acid attack        UK

 

http://www.bbc.co.uk/programmes/p03kht8b -16/03/2016

 

 

 

 

 

 

 

acid attack        USA

 

https://www.nytimes.com/2020/01/21/
style/deepika-padukone-chhapaak.html

 

http://www.npr.org/sections/goatsandsoda/2017/01/29/
509343434/the-extraordinary-courage-of-acid-attack-survivors

 

 

 

 

 

 

 

rape, sexual assault, multiple sexual assaults        FR / UK / USA

 

The most vulnerable women

are poor Dalits,

the lowest tier

of the social structure.

 

 

https://www.npr.org/2020/03/20/
818953212/4-men-hanged-in-india-for-2012-gang-rape-and-murder-that-sparked-outrage

 

 

 

 

https://www.npr.org/sections/goatsandsoda/2019/12/29/
791734411/what-headlines-and-protests-get-wrong-about-rape-in-india

 

https://www.npr.org/2019/06/10/
731323696/indian-court-convicts-6-men-in-rape-and-murder-of-8-year-old-girl

 

 

 

 

https://www.theguardian.com/commentisfree/2018/aug/09/
sexual-violence-india-rape-pornography

 

https://timesofindia.indiatimes.com/city/
varanasi/nine-year-old-meerut-girl-raped-and-strangled-to-death-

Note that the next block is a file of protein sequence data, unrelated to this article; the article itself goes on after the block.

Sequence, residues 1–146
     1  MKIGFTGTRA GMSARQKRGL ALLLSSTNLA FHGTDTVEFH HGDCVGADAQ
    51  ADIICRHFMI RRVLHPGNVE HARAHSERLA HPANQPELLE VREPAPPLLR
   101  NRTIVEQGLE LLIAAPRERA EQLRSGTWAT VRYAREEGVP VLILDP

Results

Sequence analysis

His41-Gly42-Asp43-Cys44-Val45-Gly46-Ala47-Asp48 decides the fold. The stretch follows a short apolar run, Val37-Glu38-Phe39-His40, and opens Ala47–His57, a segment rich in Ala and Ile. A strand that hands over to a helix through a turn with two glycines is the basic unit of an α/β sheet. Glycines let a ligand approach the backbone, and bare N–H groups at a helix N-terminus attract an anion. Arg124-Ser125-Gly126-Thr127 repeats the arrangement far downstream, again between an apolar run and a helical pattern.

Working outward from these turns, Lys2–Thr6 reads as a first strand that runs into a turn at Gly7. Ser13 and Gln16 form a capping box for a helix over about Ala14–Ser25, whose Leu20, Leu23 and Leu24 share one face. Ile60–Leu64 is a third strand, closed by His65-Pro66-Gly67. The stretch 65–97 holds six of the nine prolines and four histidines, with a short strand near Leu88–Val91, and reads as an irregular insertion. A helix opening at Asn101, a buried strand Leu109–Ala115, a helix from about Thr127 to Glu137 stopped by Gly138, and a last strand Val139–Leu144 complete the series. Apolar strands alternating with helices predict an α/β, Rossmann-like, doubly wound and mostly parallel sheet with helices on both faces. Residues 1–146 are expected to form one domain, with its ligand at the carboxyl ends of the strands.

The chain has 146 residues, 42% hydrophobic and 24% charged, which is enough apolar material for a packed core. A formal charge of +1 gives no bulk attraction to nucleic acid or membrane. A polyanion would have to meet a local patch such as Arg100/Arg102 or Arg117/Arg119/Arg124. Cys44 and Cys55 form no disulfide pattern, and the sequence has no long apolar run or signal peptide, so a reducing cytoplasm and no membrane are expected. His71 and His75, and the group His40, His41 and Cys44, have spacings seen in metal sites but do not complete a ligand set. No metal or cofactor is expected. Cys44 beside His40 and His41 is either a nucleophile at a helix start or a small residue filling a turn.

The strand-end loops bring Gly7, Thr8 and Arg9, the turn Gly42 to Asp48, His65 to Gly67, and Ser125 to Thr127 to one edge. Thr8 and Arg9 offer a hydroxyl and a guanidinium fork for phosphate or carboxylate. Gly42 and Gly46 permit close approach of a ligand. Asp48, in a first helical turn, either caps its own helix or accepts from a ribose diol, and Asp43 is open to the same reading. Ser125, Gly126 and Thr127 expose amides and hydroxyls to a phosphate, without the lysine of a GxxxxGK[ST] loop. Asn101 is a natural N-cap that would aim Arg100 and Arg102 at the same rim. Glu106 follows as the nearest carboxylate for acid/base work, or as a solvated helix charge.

dumped-in-sewer/articleshow/69717772.cms - Jun 10, 2019,

 

https://www.firstpost.com/india/
days-after-aligarh-murder-case-8-year-old-girl-raped-and-killed-in-bhopal-
body-recovered-from-drain-near-house-6781131.html - Jun 09, 2019

 

 

 

 

https://www.nytimes.com/2018/07/28/
world/asia/india-gang-rape-chennai.html

 

https://www.nytimes.com/2018/07/18/
world/asia/rape-chennai-india.html

 

https://www.mediapart.fr/journal/international/090518/
l-inde-est-malade-des-viols-le-gouvernement-patauge

 

https://www.npr.org/sections/goatsandsoda/2018/05/04/
608516694/india-reforms-its-anti-rape-laws-to-mixed-reaction

 

https://www.npr.org/sections/thetwo-way/2018/04/25/
605617921/indian-court-hits-influential-guru-asaram-bapu-with-life-sentence-for-rape-of-te

 

https://www.nytimes.com/2018/04/17/
opinion/international-world/india-child-rape-murder.html

 

https://www.theguardian.com/commentisfree/2018/apr/17/
india-rapes-damaged-divided-nation-hindu-nationalism

 

https://www.theguardian.com/world/video/2018/feb/07/
fearless-five-years-after-delhi-gang-rape-has-anything-changed-for-women-in-india-video

 

 

 

 

http://www.npr.org/sections/goatsandsoda/2017/10/12/
557347037/india-s-court-gives-brides-age-15-to-18-protection-from-marital-rape

 

http://www.npr.org/sections/parallels/2017/08/28/
546790420/after-guru-of-bling-sentencing-indian-state-stays-on-alert-for-violence

 

http://www.npr.org/sections/thetwo-way/2017/08/25/
546044174/guru-of-bling-rape-conviction-sparks-protests-at-least-17-reported-dead

 

https://www.nytimes.com/2017/08/17/world/asia/
indian-girl-10-who-was-raped-and-denied-an-abortion-gives-birth.html